Bryan Fischer
Hillary, Trump, and Christian conscience
By Bryan Fischer
August 2, 2016

Follow me on Twitter: @BryanJFischer, on Facebook at "Focal Point"

Host of "Focal Point" on American Family Radio, 1-3pm CT, M-F

"Now accept the one who is weak in faith, but not for the purpose of passing judgment on his opinions." ~ Romans 14:1 (NASB)

"Each one should be fully convinced in his own mind." ~ Romans 14:5 (ESV)

The quickest way to start an argument among conservative Christians is to have a discussion about whether a sincerely devoted follower of Christ can vote for Donald Trump.

Sincere Christians are of two minds on this issue. While most Christians see a clear distinction between Trump and Clinton on issues such as immigration, the threat of Islam, and friendliness toward evangelicals, most accept the reality that Trump is a quite flawed candidate at best. Thus, the choice, in the minds of most, is between the lesser of two evils.

Some Christians have settled this matter by deciding to vote for Trump on the grounds that if the only choice a Christian has is between more evil and less evil, he should choose less evil. They will say, if I am forced to choose between two poisons, one of which will make me sick for a while and the other of which will kill me, the smart and rational choice seems clear.

But other Christians have settled this matter by concluding that a vote for less evil is still a vote for evil and they can't bring themselves to do it. If you don't have to ingest either of the two poisons, why ingest at all? If the choice is between Stalin and Pol Pot, they will say, the Christian choice is neither. These Christians much prefer to cast a vote, even a write-in vote that won't be counted, than use their vote to support either of two substandard choices.

Whichever side Christians come down on, they tend to land with a passionate and even angry attachment to their view. Some will say a vote for anyone other than Trump is a vote for Hillary. How can you bring yourself to do anything that will help that woman, with her anti-Christian, pro-abortion and pro-homosexual convictions, get anywhere close to the levers of political power?

Others will say, I think Trump is an immoral scoundrel who has no discernible values, no allegiance to the Constitution, and seems guided by whatever emotions he is feeling the strongest on a particular day. I cannot, they will say, in good conscience use my vote to help a man like that into office.

Even honest Trump supporters recognize that there is a chance, perhaps even a good one, that Trump will disappoint them. But they will say that with Trump there is at least a chance of a good outcome, on judges, for example, while with Hillary, there is none. Better to choose a slim chance over no chance at all.

My conscience leads me in that direction. As I have told my listening audience, while you cannot always vote for somebody, you can always vote against somebody. Sometimes you can, with a clear conscience, vote for a less-than-desirable option in order to prevent something far worse.

So how do we as believers not allow our strongly held differences of opinion to divide us on this matter, especially when a good case can be made on both sides of the equation? Simply by obeying Scripture.

The position of most (although certainly not all) Christians will be a matter of conscience and conviction. They truly cannot see any other way in which they can vote and feel good about themselves. Some feel passionately that they cannot do anything that promotes evil. Others feel passionately they must do everything in their power to stop evil, even if the alternative is risky.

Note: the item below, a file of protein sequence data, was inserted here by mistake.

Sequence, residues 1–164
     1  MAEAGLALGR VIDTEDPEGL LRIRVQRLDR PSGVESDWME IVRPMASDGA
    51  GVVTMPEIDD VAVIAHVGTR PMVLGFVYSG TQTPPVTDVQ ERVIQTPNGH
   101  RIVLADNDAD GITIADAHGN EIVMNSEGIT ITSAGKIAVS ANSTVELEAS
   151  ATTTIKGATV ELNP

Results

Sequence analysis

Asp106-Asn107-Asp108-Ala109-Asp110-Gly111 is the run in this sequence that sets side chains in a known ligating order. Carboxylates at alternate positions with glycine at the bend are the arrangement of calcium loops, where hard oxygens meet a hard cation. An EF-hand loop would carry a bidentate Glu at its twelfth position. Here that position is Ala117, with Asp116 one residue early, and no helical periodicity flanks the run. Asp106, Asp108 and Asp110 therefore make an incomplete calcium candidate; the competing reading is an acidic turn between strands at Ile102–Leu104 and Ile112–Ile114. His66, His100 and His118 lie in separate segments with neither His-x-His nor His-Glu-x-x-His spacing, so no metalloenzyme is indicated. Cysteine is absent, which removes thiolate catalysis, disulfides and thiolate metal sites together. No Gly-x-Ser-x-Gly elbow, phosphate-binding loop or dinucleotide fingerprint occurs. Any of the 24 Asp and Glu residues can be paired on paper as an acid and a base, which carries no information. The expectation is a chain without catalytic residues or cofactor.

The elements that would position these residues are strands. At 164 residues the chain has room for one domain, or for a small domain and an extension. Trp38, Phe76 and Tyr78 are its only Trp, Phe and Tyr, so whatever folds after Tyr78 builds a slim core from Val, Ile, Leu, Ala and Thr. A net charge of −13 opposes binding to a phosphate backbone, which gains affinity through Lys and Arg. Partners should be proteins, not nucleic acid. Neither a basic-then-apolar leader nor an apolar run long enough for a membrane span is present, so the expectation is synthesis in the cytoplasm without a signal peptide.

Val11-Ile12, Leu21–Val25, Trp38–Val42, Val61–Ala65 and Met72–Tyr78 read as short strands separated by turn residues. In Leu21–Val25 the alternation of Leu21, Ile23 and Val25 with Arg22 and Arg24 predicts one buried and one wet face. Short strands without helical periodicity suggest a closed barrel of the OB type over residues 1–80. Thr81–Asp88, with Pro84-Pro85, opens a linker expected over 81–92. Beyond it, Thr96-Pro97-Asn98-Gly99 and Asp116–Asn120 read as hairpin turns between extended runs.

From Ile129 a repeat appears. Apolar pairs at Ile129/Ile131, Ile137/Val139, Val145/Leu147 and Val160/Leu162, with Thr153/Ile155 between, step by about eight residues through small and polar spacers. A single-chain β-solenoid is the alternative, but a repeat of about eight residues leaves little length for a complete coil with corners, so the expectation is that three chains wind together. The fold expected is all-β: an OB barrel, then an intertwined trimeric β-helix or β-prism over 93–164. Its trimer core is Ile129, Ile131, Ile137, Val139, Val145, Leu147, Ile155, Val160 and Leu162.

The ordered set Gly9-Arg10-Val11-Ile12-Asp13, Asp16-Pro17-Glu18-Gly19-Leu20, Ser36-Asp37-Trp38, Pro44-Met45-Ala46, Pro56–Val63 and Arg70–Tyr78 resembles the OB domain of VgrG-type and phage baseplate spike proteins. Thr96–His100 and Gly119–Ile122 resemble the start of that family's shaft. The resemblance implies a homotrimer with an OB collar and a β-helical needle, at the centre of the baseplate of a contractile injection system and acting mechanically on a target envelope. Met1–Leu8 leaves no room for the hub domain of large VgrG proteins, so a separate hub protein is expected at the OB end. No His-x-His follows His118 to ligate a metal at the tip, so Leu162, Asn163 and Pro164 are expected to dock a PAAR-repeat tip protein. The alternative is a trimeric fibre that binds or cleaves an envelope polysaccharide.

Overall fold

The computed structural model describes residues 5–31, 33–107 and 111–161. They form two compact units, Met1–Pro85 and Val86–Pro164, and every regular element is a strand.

Now the word of God is infallible, but conscience is not. It is simply an inner voice that bears witness to whatever standard I carry in my soul and spirit. The standard to which my conscience bears witness may change over time as I grow in understanding the unchanging word of God.

In Romans 14, Paul acknowledges that Christians may have different standards of conscience when it comes to diet (Romans 14:2-3), drinking alcoholic beverages (Romans 14:17), and days of worship (Romans 14:5). These fall into what are called gray areas, areas of conduct in which where there is no direct command of Scripture. Electoral choice is one of these gray areas, since there is no verse of Scripture that gives us a direct command regarding for whom to vote in this election.

While we should be free to discuss, dialogue, and even debate this issue with other Christians, what we must determine to do is accept the reality that the conscience of other believers may lead them to a different place than the one we've reached. We must respect their conscience and their choice, and refuse either to "despise" them or "pass judgment" on them (Romans 14:3). After all, they do not answer to me but to God for their decision.

"Who are you," Paul says, "to pass judgment on the servant of another? It is before his own master that he stand or falls. And he will stand, for the Lord is able to make him stand" (Romans 14:4).

Sen. Ted Cruz's counsel, given during the Republican National Convention, was excellent counsel when it was given and remains excellent counsel today, since a vote based on conscience is never a wasted vote. "Don't stay home in November. If you love our country... stand and speak and vote your conscience."

"Now accept the one who is weak in faith, but not for the purpose of passing judgment on his opinions." ~ Romans 14:1 (NASB)

(Unless otherwise noted, the opinions expressed are the author's and do not necessarily reflect the views of the American Family Association or American Family Radio.)

© Bryan Fischer


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